EUR/USD: 1.0737 -0.0044
    Europe: FTSE: +0.3% DAX: -0.5% CAC: -0.7%
    Asia: Hang Seng: +1.4% Shanghai: +1.2% Nikkei: -0.3%
    Gold (1855.60 -1.70) Silver (21.87 -0.23) Crude (118.69 +3.62)


    Equity indices in the Asia-Pacific region ended Tuesday on a mixed note.

    Japan’s Nikkei -0.3%;
    Hang Kong’s Hang Seng +1.4%;
    China’s Shanghai +1.2%;
    India’s Sensex -0.6%;
    South Korea’s Kospi +0.6%;
    Australia’s All Ordinaries -0.9%.


    China’s May Manufacturing PMI 49.6 (expected 48.0; last 47.4) and May Non-Manufacturing PMI 47.8 (last 41.9)
    Japan’s April Retail Sales 2.9% yr/yr (expected 2.6%; last 0.7%), April Industrial Production -1.3% m/m (expected -0.2%; last 0.3%), and April Unemployment Rate 2.5% (expected 2.6%; last 2.6%). April Housing Starts 2.2% yr/yr (expected 3.0%; last 6.0%) and May Household Confidence 34.1 (last 33.0)
    South Korea’s April Industrial Production -3.3% m/m (last 1.1%); 3.3% yr/yr (last 3.7%)
    Australia’s April Building Approvals -2.4% m/m (expected 2.0%; last -19.2%), Q1 Gross Operating Profits 10.2% qtr/qtr (expected 4.0%; last 4.6%), and Q1 Current Account surplus AUD7.50 bln (expected surplus of AUD13.40 bln; last surplus of AUD13.20 bln)
    New Zealand’s April Building Consents -8.5% m/m (last 6.2%) and May ANZ Business Confidence -55.6 (last -42.0)


    China reported an improvement in Manufacturing and Non-Manufacturing PMI readings for May, but both remained in contractionary territory.
    Malls and retail stores in Shanghai have reportedly been allowed to reopen with reduced capacity limits.
    Japan’s unemployment rate fell to its lowest level in over two years.
    The shadow board of the Reserve Bank of New Zealand expects a 50-bps rate hike in July.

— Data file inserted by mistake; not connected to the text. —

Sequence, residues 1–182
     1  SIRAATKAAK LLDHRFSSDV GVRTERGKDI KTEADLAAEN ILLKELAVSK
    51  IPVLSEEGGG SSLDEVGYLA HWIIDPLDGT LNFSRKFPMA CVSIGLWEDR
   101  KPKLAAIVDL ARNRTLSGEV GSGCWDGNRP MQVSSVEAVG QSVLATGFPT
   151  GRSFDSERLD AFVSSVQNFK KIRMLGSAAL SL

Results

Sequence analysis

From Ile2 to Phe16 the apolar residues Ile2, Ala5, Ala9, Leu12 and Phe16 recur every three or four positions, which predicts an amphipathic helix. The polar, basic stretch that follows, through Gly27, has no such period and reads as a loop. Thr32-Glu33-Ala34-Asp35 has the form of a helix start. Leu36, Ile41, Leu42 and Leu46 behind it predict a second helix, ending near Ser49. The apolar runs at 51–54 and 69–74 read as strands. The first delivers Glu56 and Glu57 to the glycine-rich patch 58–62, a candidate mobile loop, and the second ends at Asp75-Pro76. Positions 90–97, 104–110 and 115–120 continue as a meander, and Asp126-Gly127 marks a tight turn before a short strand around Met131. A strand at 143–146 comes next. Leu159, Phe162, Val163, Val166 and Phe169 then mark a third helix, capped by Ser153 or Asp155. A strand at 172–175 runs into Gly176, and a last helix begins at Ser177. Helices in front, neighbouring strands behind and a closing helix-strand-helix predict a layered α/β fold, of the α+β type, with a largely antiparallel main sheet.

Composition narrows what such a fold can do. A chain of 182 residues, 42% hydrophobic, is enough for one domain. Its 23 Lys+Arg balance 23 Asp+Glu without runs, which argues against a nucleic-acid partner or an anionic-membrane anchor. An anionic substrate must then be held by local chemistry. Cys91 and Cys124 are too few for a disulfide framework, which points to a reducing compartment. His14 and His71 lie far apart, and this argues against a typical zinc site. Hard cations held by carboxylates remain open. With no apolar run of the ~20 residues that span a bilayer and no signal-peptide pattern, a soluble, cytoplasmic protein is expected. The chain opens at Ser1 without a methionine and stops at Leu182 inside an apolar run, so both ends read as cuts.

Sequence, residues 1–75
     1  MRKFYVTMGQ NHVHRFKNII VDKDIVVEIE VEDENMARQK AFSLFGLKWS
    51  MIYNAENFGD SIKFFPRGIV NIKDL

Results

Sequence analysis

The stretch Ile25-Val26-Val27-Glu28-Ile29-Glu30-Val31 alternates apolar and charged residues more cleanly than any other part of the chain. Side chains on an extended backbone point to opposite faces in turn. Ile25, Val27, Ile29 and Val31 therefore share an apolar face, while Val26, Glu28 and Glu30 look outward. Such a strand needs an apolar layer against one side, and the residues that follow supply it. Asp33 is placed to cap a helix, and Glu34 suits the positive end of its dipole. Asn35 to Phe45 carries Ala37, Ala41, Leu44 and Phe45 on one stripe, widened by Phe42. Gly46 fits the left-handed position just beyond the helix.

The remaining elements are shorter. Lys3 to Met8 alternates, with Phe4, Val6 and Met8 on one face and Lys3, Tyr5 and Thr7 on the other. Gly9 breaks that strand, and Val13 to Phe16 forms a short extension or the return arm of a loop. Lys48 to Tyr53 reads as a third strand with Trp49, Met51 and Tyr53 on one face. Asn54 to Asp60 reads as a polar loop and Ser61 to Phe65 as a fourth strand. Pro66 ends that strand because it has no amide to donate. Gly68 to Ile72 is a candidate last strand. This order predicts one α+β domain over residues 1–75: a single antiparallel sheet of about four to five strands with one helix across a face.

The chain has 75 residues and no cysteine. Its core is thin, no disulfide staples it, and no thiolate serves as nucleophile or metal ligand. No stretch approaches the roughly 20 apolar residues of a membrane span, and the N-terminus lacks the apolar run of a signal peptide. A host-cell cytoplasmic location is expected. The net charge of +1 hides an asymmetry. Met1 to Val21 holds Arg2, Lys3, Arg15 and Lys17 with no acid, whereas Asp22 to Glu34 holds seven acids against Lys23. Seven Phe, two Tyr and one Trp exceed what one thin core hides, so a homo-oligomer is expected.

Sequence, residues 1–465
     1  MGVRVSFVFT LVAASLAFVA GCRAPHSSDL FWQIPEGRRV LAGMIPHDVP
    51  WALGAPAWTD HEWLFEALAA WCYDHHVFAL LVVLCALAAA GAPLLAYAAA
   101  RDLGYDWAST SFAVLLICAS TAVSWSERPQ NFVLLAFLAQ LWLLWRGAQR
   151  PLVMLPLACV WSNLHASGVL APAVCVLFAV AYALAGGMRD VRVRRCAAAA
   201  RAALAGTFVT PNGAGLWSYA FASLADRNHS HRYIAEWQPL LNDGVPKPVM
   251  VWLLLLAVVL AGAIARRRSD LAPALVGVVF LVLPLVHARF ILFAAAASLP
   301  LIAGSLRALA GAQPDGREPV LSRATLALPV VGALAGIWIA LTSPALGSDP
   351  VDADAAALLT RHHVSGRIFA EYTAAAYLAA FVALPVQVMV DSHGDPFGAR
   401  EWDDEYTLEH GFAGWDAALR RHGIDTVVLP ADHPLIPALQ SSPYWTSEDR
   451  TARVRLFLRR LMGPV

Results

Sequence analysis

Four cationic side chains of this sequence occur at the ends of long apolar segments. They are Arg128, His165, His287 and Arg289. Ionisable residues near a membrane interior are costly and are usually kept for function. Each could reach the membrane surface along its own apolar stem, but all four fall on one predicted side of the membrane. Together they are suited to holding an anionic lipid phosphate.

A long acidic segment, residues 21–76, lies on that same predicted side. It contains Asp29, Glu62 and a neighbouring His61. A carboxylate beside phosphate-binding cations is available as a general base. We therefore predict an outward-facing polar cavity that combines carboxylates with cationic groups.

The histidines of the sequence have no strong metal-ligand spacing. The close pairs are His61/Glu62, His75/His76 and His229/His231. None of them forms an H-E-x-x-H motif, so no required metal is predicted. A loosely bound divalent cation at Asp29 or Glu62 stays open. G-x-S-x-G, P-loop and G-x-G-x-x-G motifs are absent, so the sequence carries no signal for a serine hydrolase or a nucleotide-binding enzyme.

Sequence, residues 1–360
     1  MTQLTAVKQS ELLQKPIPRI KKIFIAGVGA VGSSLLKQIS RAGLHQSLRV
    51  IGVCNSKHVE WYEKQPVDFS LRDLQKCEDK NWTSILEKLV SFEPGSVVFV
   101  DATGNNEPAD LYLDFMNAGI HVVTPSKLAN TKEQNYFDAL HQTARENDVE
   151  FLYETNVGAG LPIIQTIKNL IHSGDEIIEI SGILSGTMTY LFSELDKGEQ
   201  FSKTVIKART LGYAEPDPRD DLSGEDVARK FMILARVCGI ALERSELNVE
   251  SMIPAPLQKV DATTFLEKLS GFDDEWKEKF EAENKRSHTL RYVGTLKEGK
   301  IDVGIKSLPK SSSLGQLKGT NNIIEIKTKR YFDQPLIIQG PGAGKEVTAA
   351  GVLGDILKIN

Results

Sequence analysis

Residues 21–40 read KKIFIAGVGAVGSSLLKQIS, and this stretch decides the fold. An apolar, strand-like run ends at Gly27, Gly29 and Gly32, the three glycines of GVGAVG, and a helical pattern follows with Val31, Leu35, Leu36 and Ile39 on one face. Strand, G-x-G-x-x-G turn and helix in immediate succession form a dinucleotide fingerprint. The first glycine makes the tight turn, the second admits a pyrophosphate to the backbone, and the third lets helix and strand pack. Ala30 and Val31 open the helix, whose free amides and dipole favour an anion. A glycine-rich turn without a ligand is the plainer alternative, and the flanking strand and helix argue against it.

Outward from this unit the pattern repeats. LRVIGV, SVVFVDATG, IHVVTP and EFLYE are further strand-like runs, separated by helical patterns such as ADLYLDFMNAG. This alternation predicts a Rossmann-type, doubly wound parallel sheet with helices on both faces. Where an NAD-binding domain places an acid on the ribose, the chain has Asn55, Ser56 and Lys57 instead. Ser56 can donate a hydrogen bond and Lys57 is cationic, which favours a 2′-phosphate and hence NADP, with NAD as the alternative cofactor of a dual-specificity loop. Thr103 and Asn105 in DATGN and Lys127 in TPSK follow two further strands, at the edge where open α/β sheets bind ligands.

Major European indices trade on a mostly lower note.

    STOXX Europe 600 -0.2%;
    Germany’s DAX Index -0.7%;
    UK’s FTSE 100 +0.4%;
    France’s CAC 40 -0.9%;
    Italy’s FTSE MIB -0.8%;
    Spain’s IBEX 35 -0.5%.


    Eurozone’s May CPI 0.8% m/m (expected 0.6%; last 0.6%); 8.1% yr/yr (expected 7.7%; last 7.4%). May Core CPI 0.5% m/m (last 1.0%); 3.8% yr/yr (last 3.5%)
    Germany’s May Unemployment Change -4,000 (expected -16,000; last -13,000) and Unemployment Rate 5.0%, as expected (last 5.0%)
    U.K.’s April Mortgage Approvals 65,970 (expected 69,000; last 69,530) and April Mortgage Lending GBP4.12 bln (last GBP6.44 bln)
    France’s Q1 GDP -0.2% qtr/qtr (expected 0.0%; last 0.7%); 4.5% yr/yr (expected 5.3%; last 4.9%). May CPI 0.6% m/m (last 0.4%); 5.2% yr/yr (expected 5.0%; last 4.8%). April PPI 0.0% m/m (last 4.5%). April Consumer Spending -0.4% m/m (expected 0.8%; last -1.4%)
    Italy’s Q1 GDP 0.1% qtr/qtr (expected -0.2%; last -0.2%); 6.2% yr/yr (expected 5.8%; last 6.4%). May CPI 0.9% m/m (last -0.1%); 6.9% yr/yr (expected 6.2%; last 6.0%)
    Swiss Q1 GDP 0.5% qtr/qtr (expected 0.3%; last 0.2%); 4.4% yr/yr (expected 4.3%; last 3.6%). April Retail Sales -6.0% yr/yr (last -6.6%)


    EU leaders agreed in principle to reduce the imports of Russian oil by about 90% over the next six months.
    Dutch Prime Minister Rutte said that agreeing to another set of sanctions on Russia would be difficult while Austrian Chancellor Nehammer said that imports of Russian natural gas should not be sanctioned.
    EU’s CPI accelerated to a fresh record of 8.1% in May.